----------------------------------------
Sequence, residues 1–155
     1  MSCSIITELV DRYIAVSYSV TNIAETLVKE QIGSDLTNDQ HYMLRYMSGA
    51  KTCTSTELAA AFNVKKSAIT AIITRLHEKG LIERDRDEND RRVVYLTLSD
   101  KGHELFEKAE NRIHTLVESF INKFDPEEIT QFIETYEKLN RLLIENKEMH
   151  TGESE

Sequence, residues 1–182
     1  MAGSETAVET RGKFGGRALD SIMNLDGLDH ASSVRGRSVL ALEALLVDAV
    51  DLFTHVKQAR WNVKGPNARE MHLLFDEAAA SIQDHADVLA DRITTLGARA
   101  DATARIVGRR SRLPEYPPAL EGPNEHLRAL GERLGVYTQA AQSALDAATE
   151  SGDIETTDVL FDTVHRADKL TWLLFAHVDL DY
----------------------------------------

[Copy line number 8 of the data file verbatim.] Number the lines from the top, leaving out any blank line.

    51  DLFTHVKQAR WNVKGPNARE MHLLFDEAAA SIQDHADVLA DRITTLGARA